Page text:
As the entire world is adapting itself to the 'new normal' triggered by the coronavirus pandemic, a section of medical experts are hoping better immune response by giving COVID-19 vaccine's mixed shots. Researchers at the University of Oxford are apparently planning to begin human trials where participants will receive an initial vaccine shot followed by a booster shot developed by another vaccine manufacturer.
Mixed Shots Could Help Fight Against Mutated COVID Variants
The ultimate aim of this mixed vaccine shot strategy is to elevate the immune response of a human body against the virus, by using different vaccines instead of using two shots of a single vaccine. As coronavirus is becoming genetically more diverse, it is highly necessary to find possible ways to bolster the human body's defense mechanism, and scientists believe that using these mixed shots could be one of the best ways to combat the attack of this deadly pandemic.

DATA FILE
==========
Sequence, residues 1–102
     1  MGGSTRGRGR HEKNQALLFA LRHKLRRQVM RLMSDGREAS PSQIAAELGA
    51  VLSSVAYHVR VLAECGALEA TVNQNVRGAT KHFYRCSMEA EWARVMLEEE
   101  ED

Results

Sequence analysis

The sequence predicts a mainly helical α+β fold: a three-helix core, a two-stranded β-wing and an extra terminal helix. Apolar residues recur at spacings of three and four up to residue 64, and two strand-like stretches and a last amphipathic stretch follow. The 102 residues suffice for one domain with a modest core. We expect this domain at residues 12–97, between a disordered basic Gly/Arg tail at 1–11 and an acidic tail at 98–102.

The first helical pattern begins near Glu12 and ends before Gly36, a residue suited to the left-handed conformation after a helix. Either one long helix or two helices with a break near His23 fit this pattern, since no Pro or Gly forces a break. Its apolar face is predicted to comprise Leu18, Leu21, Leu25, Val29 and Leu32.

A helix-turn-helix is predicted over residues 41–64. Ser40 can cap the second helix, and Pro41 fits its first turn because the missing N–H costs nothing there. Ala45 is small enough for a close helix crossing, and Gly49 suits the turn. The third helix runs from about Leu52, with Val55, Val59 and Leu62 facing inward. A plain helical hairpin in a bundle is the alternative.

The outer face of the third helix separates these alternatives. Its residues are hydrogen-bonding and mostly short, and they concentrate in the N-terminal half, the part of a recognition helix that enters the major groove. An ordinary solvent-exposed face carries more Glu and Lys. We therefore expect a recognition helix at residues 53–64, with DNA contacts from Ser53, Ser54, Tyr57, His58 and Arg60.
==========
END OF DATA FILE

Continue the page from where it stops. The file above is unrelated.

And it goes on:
The mix and match approach (Heterologous prime-boost vaccination) suggested by scientists at Oxford could also give doctors more choices while patients are in need of a second shot.
"Knowing that you could mix different vaccine types according to supply availability could only accelerate vaccination efforts," said Helen Fletcher, professor of immunology at the London School of Hygiene and Tropical Medicine, Wall Street Journal reports.
More Details of Mix Shot Study
In the initial phase of the study, researchers at Oxford are planning to test mixed shots on 820 volunteers. During this study, researchers will use coronavirus vaccines developed by Pfizer and AstraZeneca.
Earlier, AstraZeneca had revealed their plans to test their vaccine with Sputnik V, another COVID-19 vaccine developed by Russia. According to the latest updates, AstraZeneca's human trial using mixed shots will be carried out in Azerbaijan and the United Arab Emirates.
Medical experts have high hopes regarding this mix and match approach, as they believe it could sharpen the body's defense mechanism against invading pathogens.